Tinderbox Forum

Experimenting with word clouds and word frequencies. Is there a way to get a term frequency or word cloud for the subset results of a query?


I am experimenting with word clouds. Works great at the document and container level to visualize word frequencies however NOT so much at the query level. :frowning: Perhaps because queries use alias notes? Maybe I am using word clouds outside of their intended use as a edge case. Perhaps, but it makes sense to me to have a word frequency of a query to help identify subset key words / Topics.

An alternative question would then be, is there a way to get word frequencies from the results (children of) of a query? IOW…a way to quantify a term-frequency within a query? I am after a ranking or weighting of relevant word terms within the subset of my query.

Thanks in advance


At this point, looking at scoping choices available, I think an alias and/or it’s child aliases would be a feature request (and perfectly a sensible noe, too). I guess no one’s asked for this before. I can’t speak for how much work it will be for @estgate to implement if the idea is accepted.

In the short term you can experiment in a template [sic] with ^cloud()^, and sibling ^sectionCloud^ and ^documentCloud^ but note that these don’t give numerical counts as I think you need to use.

I agree that it makes sense for the word cloud of an agent to consider aliases. Normally, we wouldn’t want to give extra weight to notes that happen to have aliases, but this change makes sense.

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@TomD, there a ton of ways to do this. The simplest is just to collect the elements you wan to count form the children and populate the text of a note, e.g. the agent’s text.

You could then you the inspector:

Or, you collect the works to cloud and then use export code (e.g. ^documentcloud(100)^ or ^cloud("Collect Notes")^ in another note:

TBX L - Word cloud.tbx (154.4 KB)

In the the $Text “Word cloud Document” note you need to change ^documentcloud(100)^ to ^documentCloud(100)^ as the code is case-sensitive.

The problem I see with this approach is that whilst you see a word cloud in Preview mode you don’t see any Export (HTML) code and so other than relative size you’ve no real clear view of the actual occurrence counts of words.

Yes, good point. I had not thought about clicking on the values in the inspector to get a count:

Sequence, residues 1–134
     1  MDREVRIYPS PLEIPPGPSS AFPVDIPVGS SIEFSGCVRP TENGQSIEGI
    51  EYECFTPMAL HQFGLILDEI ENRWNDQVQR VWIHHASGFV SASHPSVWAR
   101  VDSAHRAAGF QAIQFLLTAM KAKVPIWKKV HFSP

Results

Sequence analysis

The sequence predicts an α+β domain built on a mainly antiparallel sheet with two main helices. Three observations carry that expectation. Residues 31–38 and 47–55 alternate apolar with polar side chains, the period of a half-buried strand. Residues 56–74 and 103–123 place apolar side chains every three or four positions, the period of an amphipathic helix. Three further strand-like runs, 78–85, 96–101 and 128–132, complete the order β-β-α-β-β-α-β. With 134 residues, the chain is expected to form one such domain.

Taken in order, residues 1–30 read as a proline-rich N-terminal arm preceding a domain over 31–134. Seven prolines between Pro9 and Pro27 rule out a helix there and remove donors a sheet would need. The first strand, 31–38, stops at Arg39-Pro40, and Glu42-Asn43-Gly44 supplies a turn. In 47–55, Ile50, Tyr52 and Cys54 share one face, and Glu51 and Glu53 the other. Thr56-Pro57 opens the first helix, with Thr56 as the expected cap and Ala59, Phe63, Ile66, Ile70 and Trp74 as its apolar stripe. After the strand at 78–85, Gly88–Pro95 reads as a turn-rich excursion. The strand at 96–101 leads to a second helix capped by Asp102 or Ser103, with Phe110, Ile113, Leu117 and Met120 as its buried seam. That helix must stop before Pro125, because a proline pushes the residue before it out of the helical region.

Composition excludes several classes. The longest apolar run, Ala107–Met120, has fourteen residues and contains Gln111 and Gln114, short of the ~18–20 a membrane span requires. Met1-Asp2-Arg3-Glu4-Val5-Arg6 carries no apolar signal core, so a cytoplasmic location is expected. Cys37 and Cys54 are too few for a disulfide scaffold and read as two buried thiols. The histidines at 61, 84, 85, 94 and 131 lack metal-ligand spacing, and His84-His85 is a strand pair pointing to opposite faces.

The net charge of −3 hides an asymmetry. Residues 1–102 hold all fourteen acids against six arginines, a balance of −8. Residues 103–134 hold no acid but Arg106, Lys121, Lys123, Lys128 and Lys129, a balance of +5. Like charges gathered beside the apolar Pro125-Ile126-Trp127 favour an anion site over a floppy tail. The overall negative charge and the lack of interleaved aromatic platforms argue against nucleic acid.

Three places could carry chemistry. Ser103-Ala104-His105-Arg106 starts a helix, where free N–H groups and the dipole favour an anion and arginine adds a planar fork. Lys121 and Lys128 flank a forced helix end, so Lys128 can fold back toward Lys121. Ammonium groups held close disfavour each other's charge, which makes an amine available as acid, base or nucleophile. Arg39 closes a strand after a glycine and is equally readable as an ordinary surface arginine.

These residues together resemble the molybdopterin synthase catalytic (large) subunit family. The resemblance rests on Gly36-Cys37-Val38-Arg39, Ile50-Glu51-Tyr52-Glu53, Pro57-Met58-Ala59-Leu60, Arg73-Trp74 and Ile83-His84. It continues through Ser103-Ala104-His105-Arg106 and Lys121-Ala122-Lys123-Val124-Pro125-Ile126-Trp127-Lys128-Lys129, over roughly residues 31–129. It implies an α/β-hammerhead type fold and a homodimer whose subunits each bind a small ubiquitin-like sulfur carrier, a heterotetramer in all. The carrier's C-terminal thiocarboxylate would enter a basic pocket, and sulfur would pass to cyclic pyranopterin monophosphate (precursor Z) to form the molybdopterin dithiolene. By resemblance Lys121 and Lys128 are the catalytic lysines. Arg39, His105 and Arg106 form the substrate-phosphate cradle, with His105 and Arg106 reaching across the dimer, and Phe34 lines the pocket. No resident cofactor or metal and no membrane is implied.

Under the hood, for the export code to work I suspect it is building a count in order to render the font-size counts for the HTML view. I wonder if TBX could return the world cloud term counts somehow to an attribute dictionary, e.g. $DictWordCloud=Data:4;Perosnal:3;Cybercrime:2…". If this were possible we could have the best of both world’s both the visual and the analytics. One more ask might be to cache the preview as an image that could be shown on hover and fill, but that is asking for a lot, ;-), and not completely necessary as it could be done manually pretty easily with a few clicks of a button or automatically with keyboard maestro and one click.

IIRC, the output uses 5 levels of text size in the exported ‘map’ as set via $HTMLCloudStart1, etc. But I still don’t think the process shows how the 5 levels are apportioned.

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I wonder if the attribute browser could be used in some way to grab the count.

Yes, I see that, pretty cool. Again, perhaps a cloud dictionary could be populated with the terms and their count.

To add to Mark’s point, I do not wish to move any of the original documents from their original location.

Using an agent, I want to explore the data, gather the alias notes then explore the term frequency or word cloud of this subset with the alias documents the agent found.


If you can wait a bit, I can make this doable with agents.

If you need it immediately, you can still do it. Outline:

  1. Make an agent to gather the notes you want.
  2. Iterate over the children of each agent.
  3. Make a container /Cloud
  4. For each child, make a new note in /Cloud with the same name
  5. Set the text of that new note to the text of the alias note

Now you have copies of the pertinent notes in a container, and can get its word cloud. This used to be really, really hard; now I think it’s reasonably practical. But it’ll be trivial in a couple of weeks.


I like trivial. I can wait until the great unveiling!


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